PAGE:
I usually post about a single book I read, why I liked it, why I didn’t. This time, however, I read 3 Spenser novels in rapid succession. They are in order of publishing #s 4, 5, and 6. I could wax on about each, but what I can and want to say about them kind of fit together, so… here it goes.
Looking for Rachel Wallace, and Promised Land are fun stories that give insight into the times- late 70’s Boston- and the characters of the novels. Judas Goat does neither, and almost could have been another series altogether.
The good first. LFRW is all about character. The events in the story are, like many Spenser stories, not huge in scope. Spenser is hired as a bodyguard for a prominant lesbian author. They clash over his excessive manliness, which involve him being physically aggressive, which Rachel Wallace despises (among other more nuanced reasons, I simplify here). He admits his faults, but doesn’t change. In the end they come to an uneasy friendship because his excessive manliness has redeeming qualities, such as deep loyalty.
At one point, Robert B. chose to explain Spenser’s character, rather than show it. He uses the character of Susan (his well known love interest and mirror of Robert B.’s real life wife and muse) to actually say, “he’d like to be Sir Gawain. He was born five hundred years too late.” That part was a little lazy, but I can live with it because it is actually important to the plot (more on that later).
It is also about how Spenser deals with and thinks about feminism, which is very much the zeitgeist of late 70’s America. Spenser might be fiercely male and doesn’t really see the need for the radical part of feminism, but he will defend his lesbian charge because, well, he said he would. He cares about her as a person. And he shows that he’s a real person (Parker doesn’t tell this time) because when he helps/finds/defends Rachel Wallace, he cries with her in her pain. So he’s really a softy, right?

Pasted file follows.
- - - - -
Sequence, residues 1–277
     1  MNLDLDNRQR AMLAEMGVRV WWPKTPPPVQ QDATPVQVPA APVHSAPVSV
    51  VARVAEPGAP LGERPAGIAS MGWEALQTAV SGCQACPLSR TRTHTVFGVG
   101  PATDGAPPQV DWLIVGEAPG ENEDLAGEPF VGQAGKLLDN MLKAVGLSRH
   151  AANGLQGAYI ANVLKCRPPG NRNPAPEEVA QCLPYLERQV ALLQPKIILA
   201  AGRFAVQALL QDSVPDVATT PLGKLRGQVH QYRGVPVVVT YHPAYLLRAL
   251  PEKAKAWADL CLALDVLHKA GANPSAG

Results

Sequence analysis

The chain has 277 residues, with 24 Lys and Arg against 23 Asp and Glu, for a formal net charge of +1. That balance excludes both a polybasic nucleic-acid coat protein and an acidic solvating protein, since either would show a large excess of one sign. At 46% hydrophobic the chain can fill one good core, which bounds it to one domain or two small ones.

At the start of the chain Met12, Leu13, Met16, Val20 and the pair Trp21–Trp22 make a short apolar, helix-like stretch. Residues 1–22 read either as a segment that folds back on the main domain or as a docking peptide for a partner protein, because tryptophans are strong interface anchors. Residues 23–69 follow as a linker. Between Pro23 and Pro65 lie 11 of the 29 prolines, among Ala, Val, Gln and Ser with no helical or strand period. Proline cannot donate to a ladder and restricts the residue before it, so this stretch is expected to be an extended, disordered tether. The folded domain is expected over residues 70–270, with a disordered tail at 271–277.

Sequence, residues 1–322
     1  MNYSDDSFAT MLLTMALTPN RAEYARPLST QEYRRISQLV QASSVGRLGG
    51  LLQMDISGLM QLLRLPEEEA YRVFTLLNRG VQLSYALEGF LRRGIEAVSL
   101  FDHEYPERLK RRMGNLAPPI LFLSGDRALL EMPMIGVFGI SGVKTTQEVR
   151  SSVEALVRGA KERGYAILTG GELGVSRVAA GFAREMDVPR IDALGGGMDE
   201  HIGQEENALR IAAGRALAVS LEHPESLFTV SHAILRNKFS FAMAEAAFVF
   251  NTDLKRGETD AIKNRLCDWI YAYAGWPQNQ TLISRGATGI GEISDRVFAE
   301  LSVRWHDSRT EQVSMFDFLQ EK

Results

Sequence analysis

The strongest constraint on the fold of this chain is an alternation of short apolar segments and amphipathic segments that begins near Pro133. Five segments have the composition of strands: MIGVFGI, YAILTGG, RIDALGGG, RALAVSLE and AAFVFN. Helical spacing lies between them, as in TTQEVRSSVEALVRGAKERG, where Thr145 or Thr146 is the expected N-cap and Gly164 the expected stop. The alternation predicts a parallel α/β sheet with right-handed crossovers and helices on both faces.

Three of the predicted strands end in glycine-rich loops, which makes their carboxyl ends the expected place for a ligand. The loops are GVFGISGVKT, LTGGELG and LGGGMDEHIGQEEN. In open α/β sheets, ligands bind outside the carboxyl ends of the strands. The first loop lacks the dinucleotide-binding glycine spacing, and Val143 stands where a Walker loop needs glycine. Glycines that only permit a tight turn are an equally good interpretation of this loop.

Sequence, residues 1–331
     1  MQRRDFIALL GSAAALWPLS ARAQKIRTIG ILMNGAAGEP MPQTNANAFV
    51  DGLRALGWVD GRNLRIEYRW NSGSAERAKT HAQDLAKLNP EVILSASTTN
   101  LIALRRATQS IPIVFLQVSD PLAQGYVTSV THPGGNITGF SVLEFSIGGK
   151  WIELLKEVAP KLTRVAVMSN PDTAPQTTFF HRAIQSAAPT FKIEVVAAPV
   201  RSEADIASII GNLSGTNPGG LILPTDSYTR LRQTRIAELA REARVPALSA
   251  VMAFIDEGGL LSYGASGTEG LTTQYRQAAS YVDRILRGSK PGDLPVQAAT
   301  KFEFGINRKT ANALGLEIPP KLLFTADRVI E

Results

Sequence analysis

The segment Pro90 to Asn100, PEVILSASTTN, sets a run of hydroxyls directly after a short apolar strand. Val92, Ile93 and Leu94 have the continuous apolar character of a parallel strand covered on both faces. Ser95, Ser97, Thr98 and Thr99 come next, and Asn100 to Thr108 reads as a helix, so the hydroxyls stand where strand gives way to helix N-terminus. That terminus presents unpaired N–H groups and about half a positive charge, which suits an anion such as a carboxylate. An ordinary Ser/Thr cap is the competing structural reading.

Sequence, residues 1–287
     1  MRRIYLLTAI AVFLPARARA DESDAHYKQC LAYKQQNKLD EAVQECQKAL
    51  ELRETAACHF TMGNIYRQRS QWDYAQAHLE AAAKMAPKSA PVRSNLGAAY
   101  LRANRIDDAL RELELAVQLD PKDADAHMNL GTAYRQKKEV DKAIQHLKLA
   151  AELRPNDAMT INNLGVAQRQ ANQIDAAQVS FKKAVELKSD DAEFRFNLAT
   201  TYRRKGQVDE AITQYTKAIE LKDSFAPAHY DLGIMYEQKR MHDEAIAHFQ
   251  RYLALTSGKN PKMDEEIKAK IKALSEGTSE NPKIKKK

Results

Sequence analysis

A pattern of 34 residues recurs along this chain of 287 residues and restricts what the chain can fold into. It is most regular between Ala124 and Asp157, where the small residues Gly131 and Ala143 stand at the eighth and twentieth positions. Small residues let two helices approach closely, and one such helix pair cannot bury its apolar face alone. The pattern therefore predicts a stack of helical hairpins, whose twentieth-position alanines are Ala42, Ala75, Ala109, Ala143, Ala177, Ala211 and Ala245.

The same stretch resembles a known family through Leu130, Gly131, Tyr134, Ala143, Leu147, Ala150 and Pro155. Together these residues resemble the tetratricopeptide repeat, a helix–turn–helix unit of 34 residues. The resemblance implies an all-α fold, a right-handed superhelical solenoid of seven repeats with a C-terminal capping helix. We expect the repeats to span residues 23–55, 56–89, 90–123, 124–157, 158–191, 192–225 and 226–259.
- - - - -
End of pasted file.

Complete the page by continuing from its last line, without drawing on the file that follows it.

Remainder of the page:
Well, kind of. That’s where Promised Land is a little different. Again, there are radical feminists. This time, however, he kind of goes to extremes to ensure that the extreme militant radical feminists are jailed- which, admittedly, they kind of deserved because they killed an innocent bank guard. One of the main characters of the story was a housewife who was dissatisfied with her role as a wife. He helps her, but kind of pushes her to return to her husband. In the end, without getting into too much detail, he takes down an organized crime leader, who is a weak and dislikable character, saves the girl (middle aged wife actually), and her husband.
So again, he helps people because he said he would. But his ambivalence about women’s lib (if I may be so bold as to use these terms many decades later) is still evident. Or maybe it is Parker’s ambivalence? Hard to say. The point is this, both of the novels revolve around feminism, and Spenser as a very male hero juxtaposed against it. Can you be a Sir Gawain in a world that has moved on? Spenser says, yes.
Then we get to Judas Goat. It might as well have been a different character. Spenser turns into an international bounty hunter, killing half a dozen people he’s never met in the first hundred pages. He seems to have lost the morality of the other two novels.
The only thing that links them is Susan. She’s consistent, but kind of one dimensional. And I guess Hawk is there too, for the first time as sidekick/partner.
I’ve written before that Spenser novels used to be regular features in my home as a kid. Parker was (one of if not) my Dad’s favorite author. I only read one at the time, which I wrote about here. In a discussion with a friend who has read most if not all of them, Spenser goes downhill after A Catskill Eagle, still another half dozen novels later. In it, Spenser becomes more of a spy novel antihero as Susan loses her mind and leaves him.
While I haven’t read A Catskill Eagle yet, I feel like Judas Goat is foreshadowing that decline. It was interesting and well written, but the characters felt out of place. The morality and chivalry was missing. And that’s what makes a Spenser novel for me.